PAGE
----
Scrapping Article 370: All You Need To Know About The Controversial Article And Its History

Scrapping Article 370: All You Need To Know About The Controversial Article And Its History

by Swarajya Staff - Aug 5, 2019 01:21 PM +05:30 IST
Scrapping Article 370: All You Need To Know About The Controversial Article And Its HistoryThe Constitution of India.

The Government of India has now decided to abrogate Article 370 which became operative in 1952 and provided a special status to the state of Jammu and Kashmir (J&K).

The article is drafted in Part XXI of the Constitution: Temporary, Transitional and Special Provisions. Article 370 makes itself, along with Article 1 of the Indian constitution, applicable to the state of J&K. Article 1 declares that India is a Union of states and territories.

The J&K Constituent Assembly had, in 1954, approved the state’s accession to India and agreed to extend the Union’s jurisdiction over the state in pursuance of Article 370.

The article, however, limits the power of India Parliament to make laws in the Union List and Concurrent List only to the subjects that are listed in the Instrument of Accession signed by the J&K Constituent Assembly. The article also allowed for the state government’s accent before several provisions of the Indian Constitution are made applicable to the state.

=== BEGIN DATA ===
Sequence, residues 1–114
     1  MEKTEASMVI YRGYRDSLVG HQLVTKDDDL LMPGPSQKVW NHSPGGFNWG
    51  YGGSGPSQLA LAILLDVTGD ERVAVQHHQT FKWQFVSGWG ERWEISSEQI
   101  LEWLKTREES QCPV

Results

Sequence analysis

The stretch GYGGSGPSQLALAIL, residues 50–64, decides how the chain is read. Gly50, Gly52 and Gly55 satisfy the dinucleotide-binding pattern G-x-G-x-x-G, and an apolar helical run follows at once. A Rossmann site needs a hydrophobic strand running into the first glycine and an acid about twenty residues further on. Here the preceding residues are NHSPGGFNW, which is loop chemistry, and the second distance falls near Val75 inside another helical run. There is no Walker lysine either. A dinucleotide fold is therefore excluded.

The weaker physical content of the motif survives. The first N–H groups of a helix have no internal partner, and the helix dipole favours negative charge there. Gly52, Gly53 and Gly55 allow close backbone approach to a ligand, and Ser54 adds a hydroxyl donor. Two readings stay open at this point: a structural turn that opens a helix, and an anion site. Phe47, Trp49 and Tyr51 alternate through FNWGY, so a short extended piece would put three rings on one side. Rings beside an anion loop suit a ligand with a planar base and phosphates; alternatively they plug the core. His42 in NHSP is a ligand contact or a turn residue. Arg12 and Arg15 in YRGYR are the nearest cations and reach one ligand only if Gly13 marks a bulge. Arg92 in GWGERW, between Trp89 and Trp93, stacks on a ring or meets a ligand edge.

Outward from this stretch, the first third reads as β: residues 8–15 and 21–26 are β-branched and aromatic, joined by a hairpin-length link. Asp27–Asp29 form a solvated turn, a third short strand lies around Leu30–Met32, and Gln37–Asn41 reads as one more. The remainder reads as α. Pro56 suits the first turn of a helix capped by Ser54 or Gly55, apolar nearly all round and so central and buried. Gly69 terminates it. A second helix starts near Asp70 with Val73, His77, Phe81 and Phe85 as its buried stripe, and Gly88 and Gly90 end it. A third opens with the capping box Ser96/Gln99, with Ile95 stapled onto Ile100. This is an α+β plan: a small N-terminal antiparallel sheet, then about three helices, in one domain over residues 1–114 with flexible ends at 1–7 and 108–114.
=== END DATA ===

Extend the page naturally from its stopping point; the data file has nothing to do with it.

The article also contains a clause about it’s cessation and states that it can be repealed by a Presidential Order or can be modified from the date that the President of India specifies. However, this requires the recommendation of the state’s Constituent Assembly, which had been dispersed in 1957 after the state adopted its own constitution.

However, clause (1) of the article also allows for Presidential Orders from time to time with the Constitution (Application to Jammu and Kashmir) Order, 1954 having been passed allowing for Article 35A to be incorporated into the Constitution of India. Several amendments to the 1954 order have occurred from time to time.

Article 35A allows for the state’s government to decide who all are ‘permanent residents’ of the state and confer on them special rights and privileges in public sector jobs, acquisition of property in the state, scholarships and other public aid and welfare.

A Presidential Order superseding the 1954 order has been notified today (5 August) which will come into effect immediately.

As per the order signed by President Ram Nath Kovind, four clauses would be added to Article 367 including a statement that the Constituent assembly of the state” would henceforth be known as “Legislative assembly of the state”.

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